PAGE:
|PRM 1914.26.8 © Pitt Rivers Museum|
|Talbot's photo, 19184.108.40.206 © Pitt Rivers Museum|
Akpambe, now mainly known as Obasinjom, is still practised in parts of Nigeria and Cameroon. Similar costumes are still worn for masquerades performed to detect witchcraft, which is often thought to be the cause of misfortune. The wearer becomes possessed by the Obasinjom spirit and moves around in a gliding fashion searching out witches in the local community.
The carved wooden mask worn on top of the head represents a crocodile. This is an animal that, like a witch, is dangerous on land and water. Mirrors have been used to create the eyes and signify the divinatory power of the masquerader. The feathers you can see on the headdress are said to be significant because they enable Obasinjom to pursue witches in flight.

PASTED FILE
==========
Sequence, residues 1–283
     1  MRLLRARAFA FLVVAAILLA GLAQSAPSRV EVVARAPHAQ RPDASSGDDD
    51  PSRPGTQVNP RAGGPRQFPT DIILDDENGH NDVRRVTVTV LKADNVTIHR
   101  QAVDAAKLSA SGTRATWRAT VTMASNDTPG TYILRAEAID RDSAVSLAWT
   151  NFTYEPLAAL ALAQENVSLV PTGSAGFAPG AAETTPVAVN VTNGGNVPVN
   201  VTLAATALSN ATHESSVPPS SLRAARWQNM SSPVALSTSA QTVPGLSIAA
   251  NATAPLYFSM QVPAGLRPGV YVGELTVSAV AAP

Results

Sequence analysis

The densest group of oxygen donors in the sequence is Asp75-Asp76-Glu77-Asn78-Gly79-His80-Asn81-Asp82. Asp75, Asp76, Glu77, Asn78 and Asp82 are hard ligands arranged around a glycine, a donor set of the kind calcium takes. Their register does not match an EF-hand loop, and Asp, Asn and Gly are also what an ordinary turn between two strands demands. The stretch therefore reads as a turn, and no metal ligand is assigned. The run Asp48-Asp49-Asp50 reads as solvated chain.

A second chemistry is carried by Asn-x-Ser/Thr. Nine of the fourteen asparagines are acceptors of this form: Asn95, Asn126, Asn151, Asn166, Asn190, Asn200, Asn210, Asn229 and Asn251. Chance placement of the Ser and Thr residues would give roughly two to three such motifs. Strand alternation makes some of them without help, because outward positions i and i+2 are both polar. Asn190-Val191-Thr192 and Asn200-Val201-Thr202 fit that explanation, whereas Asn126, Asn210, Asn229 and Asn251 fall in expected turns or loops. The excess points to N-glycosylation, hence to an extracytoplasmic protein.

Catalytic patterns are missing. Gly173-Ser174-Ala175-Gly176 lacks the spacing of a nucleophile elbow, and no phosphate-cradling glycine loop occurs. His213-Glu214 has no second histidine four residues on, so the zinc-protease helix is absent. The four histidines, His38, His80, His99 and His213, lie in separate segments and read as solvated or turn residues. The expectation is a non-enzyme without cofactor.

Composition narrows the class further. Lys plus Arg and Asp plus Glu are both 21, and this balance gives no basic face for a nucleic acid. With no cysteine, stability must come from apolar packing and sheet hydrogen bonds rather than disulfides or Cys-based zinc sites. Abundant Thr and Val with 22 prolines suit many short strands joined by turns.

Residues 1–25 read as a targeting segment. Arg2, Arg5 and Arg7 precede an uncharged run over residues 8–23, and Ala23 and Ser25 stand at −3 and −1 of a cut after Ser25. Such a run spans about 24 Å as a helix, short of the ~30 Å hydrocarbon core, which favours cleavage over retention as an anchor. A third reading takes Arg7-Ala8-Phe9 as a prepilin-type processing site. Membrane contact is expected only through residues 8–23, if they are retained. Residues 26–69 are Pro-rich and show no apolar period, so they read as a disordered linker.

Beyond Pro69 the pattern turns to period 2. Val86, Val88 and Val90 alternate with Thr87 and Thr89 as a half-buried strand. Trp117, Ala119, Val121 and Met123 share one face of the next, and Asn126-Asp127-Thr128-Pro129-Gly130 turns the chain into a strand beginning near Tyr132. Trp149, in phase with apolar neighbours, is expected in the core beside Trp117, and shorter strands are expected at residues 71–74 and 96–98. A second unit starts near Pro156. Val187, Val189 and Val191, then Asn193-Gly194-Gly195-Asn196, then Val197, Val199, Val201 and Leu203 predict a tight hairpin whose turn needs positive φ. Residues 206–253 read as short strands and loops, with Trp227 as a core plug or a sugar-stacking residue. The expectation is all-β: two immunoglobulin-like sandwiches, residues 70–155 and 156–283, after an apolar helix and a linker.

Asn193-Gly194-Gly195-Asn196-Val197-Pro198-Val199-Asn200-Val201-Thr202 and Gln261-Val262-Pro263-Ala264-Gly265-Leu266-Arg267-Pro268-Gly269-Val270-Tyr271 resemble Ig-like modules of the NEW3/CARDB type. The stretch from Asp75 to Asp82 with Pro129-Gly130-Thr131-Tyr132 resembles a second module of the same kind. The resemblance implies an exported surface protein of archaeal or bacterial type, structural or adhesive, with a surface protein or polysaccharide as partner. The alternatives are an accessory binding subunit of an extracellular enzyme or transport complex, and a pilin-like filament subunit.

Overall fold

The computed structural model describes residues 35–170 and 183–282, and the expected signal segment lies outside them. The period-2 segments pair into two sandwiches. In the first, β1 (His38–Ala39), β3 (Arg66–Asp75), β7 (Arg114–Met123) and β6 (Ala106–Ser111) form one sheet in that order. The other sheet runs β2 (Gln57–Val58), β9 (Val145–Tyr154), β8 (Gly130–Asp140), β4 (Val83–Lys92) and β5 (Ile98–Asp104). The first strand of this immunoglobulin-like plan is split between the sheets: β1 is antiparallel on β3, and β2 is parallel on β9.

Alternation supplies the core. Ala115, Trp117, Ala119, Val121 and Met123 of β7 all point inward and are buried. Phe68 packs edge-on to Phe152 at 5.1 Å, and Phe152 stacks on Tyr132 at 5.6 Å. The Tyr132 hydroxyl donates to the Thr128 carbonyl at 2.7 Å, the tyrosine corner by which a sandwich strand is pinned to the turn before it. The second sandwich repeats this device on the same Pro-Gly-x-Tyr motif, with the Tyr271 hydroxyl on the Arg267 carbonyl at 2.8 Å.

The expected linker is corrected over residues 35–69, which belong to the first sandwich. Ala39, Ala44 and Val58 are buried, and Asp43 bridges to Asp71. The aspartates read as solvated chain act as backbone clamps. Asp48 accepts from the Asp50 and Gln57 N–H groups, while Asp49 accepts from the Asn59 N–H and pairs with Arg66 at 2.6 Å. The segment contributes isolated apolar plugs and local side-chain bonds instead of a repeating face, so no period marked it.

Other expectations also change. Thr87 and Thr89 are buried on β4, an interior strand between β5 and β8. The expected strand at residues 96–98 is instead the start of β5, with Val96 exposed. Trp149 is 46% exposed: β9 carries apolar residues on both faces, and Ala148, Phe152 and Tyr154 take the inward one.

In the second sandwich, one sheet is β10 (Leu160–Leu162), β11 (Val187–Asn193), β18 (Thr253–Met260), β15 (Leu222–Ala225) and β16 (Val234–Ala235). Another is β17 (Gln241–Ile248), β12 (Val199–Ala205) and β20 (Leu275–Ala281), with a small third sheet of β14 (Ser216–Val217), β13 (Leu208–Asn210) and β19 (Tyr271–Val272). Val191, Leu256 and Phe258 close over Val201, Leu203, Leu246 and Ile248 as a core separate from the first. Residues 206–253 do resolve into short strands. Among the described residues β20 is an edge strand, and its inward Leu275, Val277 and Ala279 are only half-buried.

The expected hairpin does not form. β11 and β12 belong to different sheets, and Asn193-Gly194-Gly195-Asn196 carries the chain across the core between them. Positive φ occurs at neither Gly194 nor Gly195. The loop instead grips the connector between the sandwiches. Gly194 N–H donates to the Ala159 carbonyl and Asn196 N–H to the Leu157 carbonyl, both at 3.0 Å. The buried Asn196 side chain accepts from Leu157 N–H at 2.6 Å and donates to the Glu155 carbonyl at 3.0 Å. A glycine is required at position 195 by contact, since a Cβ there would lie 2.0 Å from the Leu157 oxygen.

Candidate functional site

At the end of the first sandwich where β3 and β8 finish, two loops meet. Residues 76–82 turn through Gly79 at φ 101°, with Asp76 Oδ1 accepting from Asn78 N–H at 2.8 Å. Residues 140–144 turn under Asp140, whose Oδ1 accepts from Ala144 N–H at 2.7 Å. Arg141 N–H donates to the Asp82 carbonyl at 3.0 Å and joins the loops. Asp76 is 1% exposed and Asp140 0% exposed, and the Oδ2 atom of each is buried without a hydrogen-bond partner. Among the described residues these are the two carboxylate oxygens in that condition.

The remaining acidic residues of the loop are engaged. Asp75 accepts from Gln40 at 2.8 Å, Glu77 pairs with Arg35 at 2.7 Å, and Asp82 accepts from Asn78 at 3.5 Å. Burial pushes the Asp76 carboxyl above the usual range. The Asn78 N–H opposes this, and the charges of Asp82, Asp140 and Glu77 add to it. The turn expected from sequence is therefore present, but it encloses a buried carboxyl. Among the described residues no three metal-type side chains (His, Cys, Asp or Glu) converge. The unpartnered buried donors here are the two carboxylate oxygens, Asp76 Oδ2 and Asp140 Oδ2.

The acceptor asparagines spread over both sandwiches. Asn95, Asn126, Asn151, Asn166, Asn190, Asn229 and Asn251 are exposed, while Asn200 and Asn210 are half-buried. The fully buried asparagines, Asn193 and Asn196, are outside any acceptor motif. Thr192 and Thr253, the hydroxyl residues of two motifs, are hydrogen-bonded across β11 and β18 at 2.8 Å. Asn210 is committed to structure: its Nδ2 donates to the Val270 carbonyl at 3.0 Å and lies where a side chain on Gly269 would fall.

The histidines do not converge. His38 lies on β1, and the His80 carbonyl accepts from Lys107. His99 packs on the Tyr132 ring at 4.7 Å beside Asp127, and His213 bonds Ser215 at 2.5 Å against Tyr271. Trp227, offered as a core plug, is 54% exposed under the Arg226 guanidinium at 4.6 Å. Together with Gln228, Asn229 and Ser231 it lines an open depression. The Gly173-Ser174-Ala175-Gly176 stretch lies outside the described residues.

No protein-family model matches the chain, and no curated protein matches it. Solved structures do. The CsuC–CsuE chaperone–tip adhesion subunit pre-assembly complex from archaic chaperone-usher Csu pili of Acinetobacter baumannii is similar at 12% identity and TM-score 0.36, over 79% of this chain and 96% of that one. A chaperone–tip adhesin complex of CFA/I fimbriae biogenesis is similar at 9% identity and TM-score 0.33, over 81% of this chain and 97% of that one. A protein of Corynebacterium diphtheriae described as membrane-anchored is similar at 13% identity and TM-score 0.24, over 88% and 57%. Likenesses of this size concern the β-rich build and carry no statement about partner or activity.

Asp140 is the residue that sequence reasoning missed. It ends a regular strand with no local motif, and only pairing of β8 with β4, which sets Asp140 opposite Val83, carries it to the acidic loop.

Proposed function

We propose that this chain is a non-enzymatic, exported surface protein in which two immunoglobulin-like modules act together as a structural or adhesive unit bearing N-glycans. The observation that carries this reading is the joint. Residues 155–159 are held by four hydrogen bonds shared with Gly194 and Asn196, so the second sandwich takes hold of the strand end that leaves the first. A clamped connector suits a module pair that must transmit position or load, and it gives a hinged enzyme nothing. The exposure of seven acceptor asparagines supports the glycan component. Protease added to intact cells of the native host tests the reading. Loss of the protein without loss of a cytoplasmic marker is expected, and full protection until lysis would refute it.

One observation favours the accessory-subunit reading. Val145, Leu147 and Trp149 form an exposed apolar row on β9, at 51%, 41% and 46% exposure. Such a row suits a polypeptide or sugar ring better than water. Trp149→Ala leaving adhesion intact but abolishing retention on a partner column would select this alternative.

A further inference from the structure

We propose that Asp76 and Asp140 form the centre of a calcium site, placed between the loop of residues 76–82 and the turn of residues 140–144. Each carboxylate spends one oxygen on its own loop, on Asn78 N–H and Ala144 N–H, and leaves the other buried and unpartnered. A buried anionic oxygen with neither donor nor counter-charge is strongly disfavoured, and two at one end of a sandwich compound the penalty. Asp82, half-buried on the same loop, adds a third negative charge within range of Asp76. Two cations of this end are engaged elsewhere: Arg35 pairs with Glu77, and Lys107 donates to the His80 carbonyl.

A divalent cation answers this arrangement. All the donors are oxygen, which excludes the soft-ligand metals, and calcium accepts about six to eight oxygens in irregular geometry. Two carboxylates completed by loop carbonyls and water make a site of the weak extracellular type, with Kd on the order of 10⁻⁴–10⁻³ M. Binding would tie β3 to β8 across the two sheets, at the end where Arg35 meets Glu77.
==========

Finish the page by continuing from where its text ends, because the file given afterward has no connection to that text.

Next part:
I think this is probably the earliest intact costume of this type and encourage you to see it for yourself. Find this on the ground floor of the Museum in a new display exploring the fascinating subject of Nigerian Masks and Masquerade.
Senior Assistant Curator
To read more about this masquerade see:
Koloss, Hans-Joachim, 1985, 'Obasinjom among the Ejagham' in African Arts Volume 18, Number 2 (February), pages 63-65 & 98-101 & 103.
Roschenthaler, Ute, 2004, 'Transacting Obasinjom: The Dissemination of a Cult Agency in the Cross River Area' in Africa: Journal of the International African Institute Volume 74, Number 2, pages 241-276.
Talbot, Percy Amaury, 1912, In the Shadow of the Bush. London: W. Heinemann.